Jürgen Klopp’s Liverpool, once again, laid down a marker in a 2-1 win at Stamford Bridge, displaying a class and the same sensational level of play that did not suffer in the face of such a quality opponent.
The German manager was quick to acknowledge in the post-match interview, both the excellence displayed by his side as well as the resilience of the Londoners, who attempted to claw their way back into the game in the second half after wilting under the Liverpool blitz in the first period:
Anyone who’s ever played against Chelsea in all times knows that it is really difficult to play against them. Especially with Antonio Conte, they were well organized. We created space, we found them, we played in them, but we didn’t score the goals in this moment but we were quick in mind.
It was satisfying of course, especially the first half, it was brilliant. We started the game from the first second we were there, we had unbelievable good movements. After set pieces we did really, really well and we deserved a lead for half-time.
After [previously allowing a three-goal lead to slip against Arsenal in the season opener, Klopp was pleased in this outing how his squad managed the game in the second period after going up against such a good team.
We had these moments when Chelsea came a little bit better in the game, it was only because we stopped playing football. We need to get used to leading against a really strong side, where we learn how to manage a game with still a lot of power in our legs and 100% concentration. It was different in the second half.
Everyone who saw until now in Chelsea games how often they score in the last few seconds with a very direct style. [We] did not do too bad because I cannot remember a lot of chances in this moment, the biggest was to Divock Origi so it could have been 3-1, not 2-1, which I am completely fine with.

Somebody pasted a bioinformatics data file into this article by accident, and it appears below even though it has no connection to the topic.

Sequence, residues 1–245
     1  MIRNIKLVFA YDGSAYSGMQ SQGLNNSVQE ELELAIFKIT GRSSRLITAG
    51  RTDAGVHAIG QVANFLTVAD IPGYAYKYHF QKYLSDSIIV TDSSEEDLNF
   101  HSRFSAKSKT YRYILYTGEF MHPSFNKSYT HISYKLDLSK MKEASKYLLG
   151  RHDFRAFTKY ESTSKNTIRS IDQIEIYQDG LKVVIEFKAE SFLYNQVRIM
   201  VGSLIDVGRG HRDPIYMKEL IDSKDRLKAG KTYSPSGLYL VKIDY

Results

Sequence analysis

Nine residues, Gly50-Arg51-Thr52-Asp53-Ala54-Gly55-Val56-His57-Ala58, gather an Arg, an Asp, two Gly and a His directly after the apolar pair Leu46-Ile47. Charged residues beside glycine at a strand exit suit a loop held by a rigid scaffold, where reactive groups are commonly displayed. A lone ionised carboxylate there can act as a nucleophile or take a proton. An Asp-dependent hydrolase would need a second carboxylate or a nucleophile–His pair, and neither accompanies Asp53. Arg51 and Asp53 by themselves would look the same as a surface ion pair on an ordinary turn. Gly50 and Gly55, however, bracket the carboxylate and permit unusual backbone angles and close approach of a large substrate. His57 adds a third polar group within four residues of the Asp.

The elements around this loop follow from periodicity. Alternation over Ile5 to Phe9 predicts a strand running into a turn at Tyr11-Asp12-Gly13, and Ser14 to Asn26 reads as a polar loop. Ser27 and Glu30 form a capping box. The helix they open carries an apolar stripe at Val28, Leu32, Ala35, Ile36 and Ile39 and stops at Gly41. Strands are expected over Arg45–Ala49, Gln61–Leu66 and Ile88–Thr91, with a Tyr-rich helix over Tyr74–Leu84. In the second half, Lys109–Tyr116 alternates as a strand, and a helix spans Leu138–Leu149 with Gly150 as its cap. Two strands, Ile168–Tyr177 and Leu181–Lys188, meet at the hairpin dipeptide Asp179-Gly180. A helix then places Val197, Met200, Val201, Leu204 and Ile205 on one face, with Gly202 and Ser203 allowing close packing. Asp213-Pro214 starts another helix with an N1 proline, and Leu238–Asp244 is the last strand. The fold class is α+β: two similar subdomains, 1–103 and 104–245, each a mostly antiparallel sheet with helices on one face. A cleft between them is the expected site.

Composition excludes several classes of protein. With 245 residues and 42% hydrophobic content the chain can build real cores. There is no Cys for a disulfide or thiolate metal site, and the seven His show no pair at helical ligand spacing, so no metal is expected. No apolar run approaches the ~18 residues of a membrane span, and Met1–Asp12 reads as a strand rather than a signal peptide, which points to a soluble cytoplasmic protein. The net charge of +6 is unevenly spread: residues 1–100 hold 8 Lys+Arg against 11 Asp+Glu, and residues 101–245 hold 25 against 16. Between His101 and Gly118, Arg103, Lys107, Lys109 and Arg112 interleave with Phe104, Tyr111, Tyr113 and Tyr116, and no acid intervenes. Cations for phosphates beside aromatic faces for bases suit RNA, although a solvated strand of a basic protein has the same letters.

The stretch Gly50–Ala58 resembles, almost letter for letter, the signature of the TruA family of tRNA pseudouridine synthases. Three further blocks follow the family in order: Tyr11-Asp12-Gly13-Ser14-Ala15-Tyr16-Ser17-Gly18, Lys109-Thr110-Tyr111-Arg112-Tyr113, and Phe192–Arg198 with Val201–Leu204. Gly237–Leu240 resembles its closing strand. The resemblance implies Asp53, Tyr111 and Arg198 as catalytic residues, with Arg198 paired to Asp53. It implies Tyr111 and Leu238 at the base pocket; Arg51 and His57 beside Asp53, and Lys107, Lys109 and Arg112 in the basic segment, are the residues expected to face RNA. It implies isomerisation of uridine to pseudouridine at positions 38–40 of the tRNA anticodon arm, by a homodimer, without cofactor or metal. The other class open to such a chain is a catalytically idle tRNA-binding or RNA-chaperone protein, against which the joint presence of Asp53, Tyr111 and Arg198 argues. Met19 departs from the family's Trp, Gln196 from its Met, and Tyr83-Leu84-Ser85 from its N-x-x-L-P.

The beginning was brilliant, brilliant from my side. We played football like hell, it was really nice to watch, and we scored the goals in other moments. We were quick in mind after set pieces, which we didn’t do too often, but it was wonderful.
When asked to comment about how his team managed to come to the imposing grounds at Stamford Bridge and impose their fast-paced style of football against a normally well-drilled side, he emphatically answered:
We never thought about anything else [coming to Chelsea and playing the Liverpool style]. I told the lads before the game: anything can happen, there is no guarantee of getting a result at Chelsea. But if we lose our way, then [shrugs]. But the probability that we will get something, if we are really convinced about our style of play is bigger, but no guarantee!
With this win at Chelsea now meaning two wins on the bounce adding to quality results against Arsenal, Tottenham, and Leicester City, there does appear to be some measure of vindication of the Liverpool transfer strategy, which had come under fire for failure to recruit specialist upgrades in midfield and defense:
Two weeks ago everyone was asking: ‘What is wrong with Liverpool? Why [are they not exploring] the transfer market? Five midfield players, eight left backs, where are they?’ And now these boys starting the most difficult fixture in world football.
Home or away, this squad showed today how they mean to go on: a heart-pounding, defiant style of football, against which not even the crème of the Premier League will be safe.